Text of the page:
Wash U. study: estrogen-reducing drugs may reduce need for mastectomy in breast cancer patients
Researchers at Washington University School of Medicine have shown that estrogen-lowering drugs can help reduce the need for mastectomy in some breast cancer patients.
Estrogen is known to increase tumor growth in the majority of breast cancer patients.
In a new study, post-menopausal women with large breast cancer tumors were given one of three estrogen-lowering drugs before surgery.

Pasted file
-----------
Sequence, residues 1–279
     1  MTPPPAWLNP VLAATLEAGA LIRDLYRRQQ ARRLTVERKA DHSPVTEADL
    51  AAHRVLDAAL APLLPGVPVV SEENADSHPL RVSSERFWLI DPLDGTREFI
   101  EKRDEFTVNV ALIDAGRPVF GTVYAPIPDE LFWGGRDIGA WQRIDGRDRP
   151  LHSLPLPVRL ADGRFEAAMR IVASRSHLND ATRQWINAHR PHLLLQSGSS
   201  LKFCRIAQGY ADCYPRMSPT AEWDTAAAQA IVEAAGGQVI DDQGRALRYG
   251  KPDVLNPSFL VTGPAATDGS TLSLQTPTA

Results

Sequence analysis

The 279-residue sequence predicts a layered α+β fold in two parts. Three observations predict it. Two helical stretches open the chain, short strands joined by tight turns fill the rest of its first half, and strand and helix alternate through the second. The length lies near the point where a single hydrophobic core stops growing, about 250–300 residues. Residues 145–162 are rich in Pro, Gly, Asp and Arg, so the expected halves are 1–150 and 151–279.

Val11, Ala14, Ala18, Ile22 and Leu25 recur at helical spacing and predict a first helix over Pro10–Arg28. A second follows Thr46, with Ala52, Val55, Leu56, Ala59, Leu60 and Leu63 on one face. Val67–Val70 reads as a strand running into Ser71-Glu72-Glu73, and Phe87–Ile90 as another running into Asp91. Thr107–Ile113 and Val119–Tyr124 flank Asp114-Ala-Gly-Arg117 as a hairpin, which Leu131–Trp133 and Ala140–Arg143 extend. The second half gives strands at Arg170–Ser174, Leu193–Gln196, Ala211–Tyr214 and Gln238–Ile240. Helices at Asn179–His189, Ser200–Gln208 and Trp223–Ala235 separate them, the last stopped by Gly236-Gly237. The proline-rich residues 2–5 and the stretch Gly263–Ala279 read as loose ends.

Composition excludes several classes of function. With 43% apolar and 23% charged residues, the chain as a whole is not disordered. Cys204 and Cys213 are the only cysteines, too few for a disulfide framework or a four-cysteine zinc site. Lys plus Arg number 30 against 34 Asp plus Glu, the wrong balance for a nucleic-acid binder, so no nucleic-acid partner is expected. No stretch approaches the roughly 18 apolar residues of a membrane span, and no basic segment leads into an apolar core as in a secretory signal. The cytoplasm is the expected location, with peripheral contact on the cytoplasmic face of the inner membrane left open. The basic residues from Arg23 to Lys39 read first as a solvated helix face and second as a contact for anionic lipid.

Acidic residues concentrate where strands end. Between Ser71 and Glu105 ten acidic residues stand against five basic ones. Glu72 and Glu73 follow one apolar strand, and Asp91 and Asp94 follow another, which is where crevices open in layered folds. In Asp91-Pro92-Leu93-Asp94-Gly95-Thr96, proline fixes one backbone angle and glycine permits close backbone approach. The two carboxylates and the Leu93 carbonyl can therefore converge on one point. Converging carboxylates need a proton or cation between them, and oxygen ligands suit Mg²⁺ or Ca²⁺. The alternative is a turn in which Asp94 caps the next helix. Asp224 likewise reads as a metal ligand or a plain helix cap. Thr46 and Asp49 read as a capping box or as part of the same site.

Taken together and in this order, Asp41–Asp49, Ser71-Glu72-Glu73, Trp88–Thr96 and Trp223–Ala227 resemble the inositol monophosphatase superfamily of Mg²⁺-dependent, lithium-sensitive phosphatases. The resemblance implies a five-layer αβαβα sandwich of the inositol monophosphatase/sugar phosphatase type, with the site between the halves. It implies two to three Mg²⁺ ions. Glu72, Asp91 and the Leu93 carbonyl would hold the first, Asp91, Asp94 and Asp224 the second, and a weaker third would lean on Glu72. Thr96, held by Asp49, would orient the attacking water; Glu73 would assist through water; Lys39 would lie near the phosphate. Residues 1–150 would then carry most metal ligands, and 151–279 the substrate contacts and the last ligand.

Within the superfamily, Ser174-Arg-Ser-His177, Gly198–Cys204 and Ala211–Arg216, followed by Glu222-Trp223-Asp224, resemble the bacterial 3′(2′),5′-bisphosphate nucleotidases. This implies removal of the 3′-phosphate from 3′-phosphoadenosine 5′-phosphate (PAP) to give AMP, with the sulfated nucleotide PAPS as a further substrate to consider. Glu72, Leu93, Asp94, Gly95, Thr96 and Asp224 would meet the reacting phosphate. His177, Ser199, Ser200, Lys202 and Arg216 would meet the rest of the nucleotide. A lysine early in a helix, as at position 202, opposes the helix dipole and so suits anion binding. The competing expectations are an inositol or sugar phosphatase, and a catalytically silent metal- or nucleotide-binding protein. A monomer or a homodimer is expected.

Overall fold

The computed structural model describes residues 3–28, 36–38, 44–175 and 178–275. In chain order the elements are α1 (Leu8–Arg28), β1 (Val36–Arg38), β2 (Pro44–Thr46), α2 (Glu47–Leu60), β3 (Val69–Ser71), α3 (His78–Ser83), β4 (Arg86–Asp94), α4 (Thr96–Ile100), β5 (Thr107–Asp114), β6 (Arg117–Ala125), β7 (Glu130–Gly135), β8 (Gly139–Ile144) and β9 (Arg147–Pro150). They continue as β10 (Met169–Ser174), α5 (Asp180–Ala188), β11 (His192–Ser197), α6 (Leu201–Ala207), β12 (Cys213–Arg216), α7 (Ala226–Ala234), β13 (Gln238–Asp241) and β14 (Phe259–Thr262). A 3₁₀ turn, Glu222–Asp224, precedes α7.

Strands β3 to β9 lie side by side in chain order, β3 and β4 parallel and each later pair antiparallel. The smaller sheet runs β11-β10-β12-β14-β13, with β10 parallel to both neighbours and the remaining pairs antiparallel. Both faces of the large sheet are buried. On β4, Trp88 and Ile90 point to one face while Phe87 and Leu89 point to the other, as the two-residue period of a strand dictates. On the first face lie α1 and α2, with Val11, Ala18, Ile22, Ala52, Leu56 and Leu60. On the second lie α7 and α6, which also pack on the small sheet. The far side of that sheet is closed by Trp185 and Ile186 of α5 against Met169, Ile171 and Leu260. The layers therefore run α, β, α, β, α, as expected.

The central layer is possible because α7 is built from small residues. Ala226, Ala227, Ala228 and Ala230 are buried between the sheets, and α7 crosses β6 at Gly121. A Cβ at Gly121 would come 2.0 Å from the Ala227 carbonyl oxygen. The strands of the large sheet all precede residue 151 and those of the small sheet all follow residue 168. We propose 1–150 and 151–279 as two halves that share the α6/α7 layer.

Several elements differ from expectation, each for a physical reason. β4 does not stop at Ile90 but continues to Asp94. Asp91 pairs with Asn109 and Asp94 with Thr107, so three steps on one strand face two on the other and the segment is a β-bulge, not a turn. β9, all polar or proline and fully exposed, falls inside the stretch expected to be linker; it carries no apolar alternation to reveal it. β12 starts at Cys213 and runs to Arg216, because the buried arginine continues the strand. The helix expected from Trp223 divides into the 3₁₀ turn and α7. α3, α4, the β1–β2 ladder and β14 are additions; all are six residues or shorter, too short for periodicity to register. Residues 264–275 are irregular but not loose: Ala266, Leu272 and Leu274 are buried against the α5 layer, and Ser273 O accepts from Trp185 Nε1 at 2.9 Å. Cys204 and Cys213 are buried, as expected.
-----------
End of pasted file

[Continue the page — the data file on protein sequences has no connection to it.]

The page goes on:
Study lead Dr. Matthew Ellis says all three drugs were equally effective in shrinking tumors and reducing the need for complete breast removal.
"In this particular study, about half the patients who were told they needed a mastectomy when they arrived in the doctor's office could undergo breast conservation surgery at the end of treatment," Ellis said.
Ellis says these drugs are already used to reduce tumor size and improve surgical outcomes in Europe. He hopes these results will help encourage more U.S. doctors to do the same.